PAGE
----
FIRST OF ALL, THERE ARE NO RULES TO TAKING A GREAT TRAVEL PHOTO besides making sure the lens cap is off the camera. Just like there’s no way to learn to take better photos besides taking more photos. Some people can make their way from departures to arrivals and never take a single photo of a trip, but you wouldn’t be here if you were one of those people. Here’s a short list of tips that even I have to remember when I’m on a trip.
A PHOTO IS A MEMORY. MAKE AS MANY AS YOU CAN. Maybe you’ll remember that moment for the rest of your life. But maybe you’ll come across that photo you took and find yourself pulled up short by the rush of that memory, long forgotten, coming back to you. Call that a gift, and you won’t have it unless you take the shot. This is the view from my hotel on Moose Factory Island near James Bay, just after I’d taken the water taxi there at the end of riding the Polar Bear Express from Cochrane to Moosonee. I ended up having the best night’s sleep of my life there, which for me is a memory worth savouring.
IF SOMEONE OFFERS TO TAKE YOU SOMEWHERE HIGH, SAY YES. The most majestic vistas are usually found at places where most people don’t go. Every day on Instagram photographers share their “rooftopping” pics – shots taken from the top of skyscrapers, and usually from where they shouldn’t have been. I’m not saying you should trespass and hang from construction cranes to get that shot, but you can get close without breaking any laws. Just after checking in at the Loew’s Hollywood, I was offered a tour of the hotel that ended up on the helipad, where I took this shot looking across to the distant towers of downtown Los Angeles.
TAKE A WALK. Sometimes its worthwhile to blow off the itinerary or leave the tour group for a little while and go for a wander. You’ll get a better sense of the place and the people you’re visiting, and sometimes you’ll chance on a scene that isn’t available on a postcard. We had stopped the car at a gas station while driving across Prince Edward Island when I decided to stretch my legs and wander down a dirt road nearby. That’s where I saw this magnificent scene of two fields under a deep blue sky cut in two by the road to the sea. It summed up that trip better than any other shot I took that week.
THE BEST CAMERA IS THE ONE YOU’VE GOT. I was at the end of trip across British Columbia on the Rocky Mountaineer, at the top of Sulphur Mountain looking down on Banff in the valley below. I’d put my camera bag down and was taking in the view when I was overcome by the urge to capture the setting sun behind the blue mountains and the half-buried shimmer of the Bow River. But I didn’t feel like pulling out my DSLR from its bag so I slipped my phone from my pocket and took a couple of quick snaps. I gave this one a quick edit and posted it online, where it ended up getting shared for months on Instagram and Twitter.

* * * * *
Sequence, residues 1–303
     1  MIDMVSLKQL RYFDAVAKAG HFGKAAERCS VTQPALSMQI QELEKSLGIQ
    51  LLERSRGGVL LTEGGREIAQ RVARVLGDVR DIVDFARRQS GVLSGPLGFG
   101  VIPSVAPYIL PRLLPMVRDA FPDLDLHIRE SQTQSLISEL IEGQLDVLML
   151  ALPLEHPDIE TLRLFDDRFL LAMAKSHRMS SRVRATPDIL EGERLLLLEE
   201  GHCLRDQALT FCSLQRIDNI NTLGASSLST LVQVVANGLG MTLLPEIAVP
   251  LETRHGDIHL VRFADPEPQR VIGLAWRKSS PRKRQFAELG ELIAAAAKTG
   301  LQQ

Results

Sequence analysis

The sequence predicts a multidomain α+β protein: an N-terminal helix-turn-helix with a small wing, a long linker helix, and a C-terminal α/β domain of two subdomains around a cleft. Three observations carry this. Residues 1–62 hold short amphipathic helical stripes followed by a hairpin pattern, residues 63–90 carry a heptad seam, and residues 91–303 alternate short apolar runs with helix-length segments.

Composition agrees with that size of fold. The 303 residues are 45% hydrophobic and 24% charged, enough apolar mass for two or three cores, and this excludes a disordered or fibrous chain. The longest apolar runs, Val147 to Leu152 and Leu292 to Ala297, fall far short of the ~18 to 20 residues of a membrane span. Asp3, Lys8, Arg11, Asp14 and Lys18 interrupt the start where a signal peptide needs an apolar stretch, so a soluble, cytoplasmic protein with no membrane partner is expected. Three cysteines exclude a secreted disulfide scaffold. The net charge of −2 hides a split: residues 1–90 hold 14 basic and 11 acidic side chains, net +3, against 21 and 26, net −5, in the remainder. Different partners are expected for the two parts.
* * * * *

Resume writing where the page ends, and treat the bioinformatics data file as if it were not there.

GET CLOSER. Sometimes you want to capture a stirring vista from a mountaintop, but sometimes you want to take a shot that feels like the moment and the place, as you experienced it. The best way to do that is to get up close with your camera. It cost me a hundred pesos to get this mariachi band to move to a nice spot in the central square in San Miguel de Allende in Mexico, but of the dozens of shots I have, this one, taken as close as I could get without joining the band, was undeniably my best.
NEVER SAY NO TO THE ICONIC PHOTO. Of course you could buy a postcard. And of course someone might have taken a photo of the Grand Canyon during a majestic sunset, while you’re only chance was under a bright noontime sun surrounded by other travelers. Don’t get bent out of shape about it – your photo of Niagara Falls is a record of your first glimpse of the place, and it’s worth adding to the mountain of other shots. I have seen a hundred great shots of Machu Picchu, spread out between two mountain peaks in the Peruvian Andes, but my own shot – taken with a cheap plastic Holga camera the moment I arrived at the top of the path – will always be more significant to me.
A TRAVEL PHOTO CAN BE A PORTRAIT. You see a lot of fantastic things when you travel, but you also meet a lot of interesting people. Maybe you’ll remember their name, or maybe you won’t, but they’re as much a part of the stories you’ll tell as the scenery, so try to take at least a couple of photos of them – seeing your shots months or years later might help you recall your time you shared with them. George Small and his son Trevor took me out on James Bay on their boat, and this portrait helps me remember the hunting stories they told me as we headed out of the mouth of the Moose River, and the immense silence under the heavy sky when we hit the open water and cut the engine, drifting on the tea-brown water.
PHOTO AT TOP: Stuart Forster at Lake Louise, Alberta, 2017
Photos and story © 2018 Rick McGinnis All Rights Reserved